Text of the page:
The day stared off like all other day’s in the Mentawai’s – the usual morning surf session lasting until noon and then time to cool off, have lunch and rest up for the late afternoon glass-off. The swell had been dropping steadily for the past three days and most of the charter boats in the area had been moving southward down from the Playground and Macaroni’s to Rags and Thunder’s which hold size a bit better this time of year. After a brief daybreak surf at Thunder’s with a crowd in the water, three of us took our skiff from the Pelagic to Rag’s Right which had only one boat parked at the break. It was the “Katika”, an easily recognized shapely 60 foot, steel hull sail boat that has been working the Menatwai charter business out of Padang for many years. We had been sharing the same breaks with its five passengers, three from California, two from Australia, and crew for several days. Our decision turned out to be a smart call… Rags Right can be a fickle, tide and wind dependent break, but this morning it was in good form with head high sets and solid barrels.
After lunch and sipping on a cold Bintang back on our boat, I noticed a small puff of smoke coming up in the cloudless sky near where we had just surfed. At first it was not any different than numerous other small fires started by local islanders. Within seconds, the smoke transformed into a thick, ominous black plume directly under the “Katika” and we scrambled for the binoculars that confirmed our initial impression that this was not the usual brush fire. Our Captain sprinted to the wheel room where the radio crackled out a distress call in broken English that lasted only a few seconds, but painted a clear picture of panic and urgency, then went dead in mid-sentence. We pulled anchor immediately, leaving three of our surfers in the water, as did several other boats anchored at Thunder’s, and headed across the 6 mile channel between the two islands.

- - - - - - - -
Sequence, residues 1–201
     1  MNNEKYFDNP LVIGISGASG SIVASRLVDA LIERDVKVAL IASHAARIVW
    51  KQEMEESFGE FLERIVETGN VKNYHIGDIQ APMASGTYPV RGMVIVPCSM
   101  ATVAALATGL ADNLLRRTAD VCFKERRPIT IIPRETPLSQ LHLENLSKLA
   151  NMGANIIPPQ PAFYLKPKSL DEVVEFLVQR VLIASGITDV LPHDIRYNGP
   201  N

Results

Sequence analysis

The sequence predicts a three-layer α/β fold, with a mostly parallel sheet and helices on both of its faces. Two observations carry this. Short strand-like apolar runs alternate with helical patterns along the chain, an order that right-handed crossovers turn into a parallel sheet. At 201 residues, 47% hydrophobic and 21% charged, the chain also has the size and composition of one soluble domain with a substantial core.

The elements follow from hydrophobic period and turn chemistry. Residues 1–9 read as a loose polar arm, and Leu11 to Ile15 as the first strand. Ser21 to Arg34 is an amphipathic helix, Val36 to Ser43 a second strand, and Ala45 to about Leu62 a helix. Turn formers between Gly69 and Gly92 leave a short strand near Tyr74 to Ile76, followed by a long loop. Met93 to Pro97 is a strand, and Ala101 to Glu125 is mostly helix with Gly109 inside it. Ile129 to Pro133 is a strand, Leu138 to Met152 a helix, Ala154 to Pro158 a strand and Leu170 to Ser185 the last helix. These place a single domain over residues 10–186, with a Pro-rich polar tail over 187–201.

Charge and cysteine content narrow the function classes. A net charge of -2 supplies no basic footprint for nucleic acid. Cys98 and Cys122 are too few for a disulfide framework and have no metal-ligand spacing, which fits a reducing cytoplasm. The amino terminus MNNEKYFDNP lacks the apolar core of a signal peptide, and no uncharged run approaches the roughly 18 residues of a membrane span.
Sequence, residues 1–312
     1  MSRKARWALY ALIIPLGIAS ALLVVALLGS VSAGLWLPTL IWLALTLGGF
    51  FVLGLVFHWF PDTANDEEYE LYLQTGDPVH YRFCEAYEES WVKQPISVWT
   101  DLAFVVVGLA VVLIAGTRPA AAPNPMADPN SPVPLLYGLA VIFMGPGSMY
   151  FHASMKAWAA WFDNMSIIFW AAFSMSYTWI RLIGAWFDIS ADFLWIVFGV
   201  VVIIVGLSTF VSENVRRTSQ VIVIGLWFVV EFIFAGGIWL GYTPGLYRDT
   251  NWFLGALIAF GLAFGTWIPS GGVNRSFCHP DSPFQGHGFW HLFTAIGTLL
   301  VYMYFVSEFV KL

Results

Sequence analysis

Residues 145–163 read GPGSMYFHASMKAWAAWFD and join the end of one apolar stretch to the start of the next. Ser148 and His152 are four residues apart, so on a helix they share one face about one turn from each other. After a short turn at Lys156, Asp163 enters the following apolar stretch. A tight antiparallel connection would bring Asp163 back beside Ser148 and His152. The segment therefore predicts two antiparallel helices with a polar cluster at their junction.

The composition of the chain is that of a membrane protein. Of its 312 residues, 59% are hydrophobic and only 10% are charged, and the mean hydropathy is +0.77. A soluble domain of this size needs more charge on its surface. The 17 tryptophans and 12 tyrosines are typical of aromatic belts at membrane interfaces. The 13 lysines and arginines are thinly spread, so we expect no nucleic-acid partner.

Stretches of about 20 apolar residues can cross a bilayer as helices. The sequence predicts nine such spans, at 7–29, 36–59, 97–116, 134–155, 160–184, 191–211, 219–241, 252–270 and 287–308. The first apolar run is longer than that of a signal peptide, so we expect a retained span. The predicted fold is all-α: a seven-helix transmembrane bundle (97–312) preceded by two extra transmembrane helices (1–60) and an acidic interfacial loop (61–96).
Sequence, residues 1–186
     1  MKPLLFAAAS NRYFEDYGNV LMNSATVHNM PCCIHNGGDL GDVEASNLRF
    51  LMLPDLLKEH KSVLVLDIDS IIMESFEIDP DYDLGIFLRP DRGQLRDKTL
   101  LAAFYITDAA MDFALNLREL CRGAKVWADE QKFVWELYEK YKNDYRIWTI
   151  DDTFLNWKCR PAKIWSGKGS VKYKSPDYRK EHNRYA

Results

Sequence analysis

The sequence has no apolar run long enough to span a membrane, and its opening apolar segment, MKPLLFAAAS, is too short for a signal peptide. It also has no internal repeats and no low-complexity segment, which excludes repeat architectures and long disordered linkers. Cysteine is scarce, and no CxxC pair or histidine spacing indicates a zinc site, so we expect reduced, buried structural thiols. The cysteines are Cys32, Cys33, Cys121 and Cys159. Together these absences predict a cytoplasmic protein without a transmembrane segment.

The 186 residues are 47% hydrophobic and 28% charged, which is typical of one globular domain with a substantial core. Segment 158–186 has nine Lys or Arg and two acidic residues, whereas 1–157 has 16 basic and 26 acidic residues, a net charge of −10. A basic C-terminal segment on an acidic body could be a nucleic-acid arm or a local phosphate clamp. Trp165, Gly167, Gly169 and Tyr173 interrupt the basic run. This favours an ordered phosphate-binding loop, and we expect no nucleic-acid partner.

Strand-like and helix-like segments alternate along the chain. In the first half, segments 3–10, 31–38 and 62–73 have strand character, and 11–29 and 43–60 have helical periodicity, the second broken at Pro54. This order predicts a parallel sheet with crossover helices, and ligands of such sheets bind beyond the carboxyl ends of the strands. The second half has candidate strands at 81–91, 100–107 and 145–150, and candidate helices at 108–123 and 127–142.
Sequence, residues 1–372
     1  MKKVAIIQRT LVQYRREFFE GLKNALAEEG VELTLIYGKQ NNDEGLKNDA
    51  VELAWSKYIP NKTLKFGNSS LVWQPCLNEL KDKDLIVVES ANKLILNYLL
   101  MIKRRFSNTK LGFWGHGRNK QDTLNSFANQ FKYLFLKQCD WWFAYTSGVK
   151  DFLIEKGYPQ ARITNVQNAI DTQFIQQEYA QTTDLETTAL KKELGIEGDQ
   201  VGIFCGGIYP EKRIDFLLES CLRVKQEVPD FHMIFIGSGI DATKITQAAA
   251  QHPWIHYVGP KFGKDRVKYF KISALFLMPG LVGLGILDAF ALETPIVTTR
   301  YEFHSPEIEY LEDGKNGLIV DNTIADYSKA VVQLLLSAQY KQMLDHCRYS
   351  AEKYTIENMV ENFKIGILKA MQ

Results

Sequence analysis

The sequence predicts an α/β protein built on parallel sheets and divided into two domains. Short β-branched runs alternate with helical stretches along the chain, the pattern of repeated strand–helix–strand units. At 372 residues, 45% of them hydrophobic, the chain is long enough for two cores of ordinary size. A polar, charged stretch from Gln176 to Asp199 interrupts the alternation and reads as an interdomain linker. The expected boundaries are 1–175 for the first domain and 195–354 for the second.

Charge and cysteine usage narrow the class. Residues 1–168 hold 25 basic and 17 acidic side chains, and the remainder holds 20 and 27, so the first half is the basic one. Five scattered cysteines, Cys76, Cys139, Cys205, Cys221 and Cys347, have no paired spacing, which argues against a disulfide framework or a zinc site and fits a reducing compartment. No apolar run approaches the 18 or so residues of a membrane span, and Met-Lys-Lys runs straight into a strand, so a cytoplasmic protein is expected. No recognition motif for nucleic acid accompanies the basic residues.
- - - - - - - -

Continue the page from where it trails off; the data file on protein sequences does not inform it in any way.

During the fifteen minute crossing, the devastation unfolded in front of our eyes; flames were now easily visible across the entire deck of the Katika and extending far up the mast. The diesel fuel was now feeding this monster and the thoughts of saving the boat turned to concern for the crew and passengers. The radio offered no help, but as we pulled nearer to the burning hull, a jet ski which arrived first at the scene came by and the rider yelled that everyone had gotten off safely… jumping into the water with no more than their surfboards.
A sixty foot steel hull sailboat with 3,000 gallons of diesel fuel on board burns like a backyard barbecue for hours; the aluminum mast melts under the intense heat and the once beautiful blue paint bubbles, then catches fire and burns down to the waterline. Attempts by the other boats to help put out the fire on the Katika, which we later learned started in the kitchen when cooking oil ignited, with their emergency hoses were well intended, but clearly futile. As we looked on to what was so recently a scene of beauty and tranquility, pondering the moment, the realization of how quickly fortunes can change, how fragile we are, and how uncertain the future is began to slowly sink in.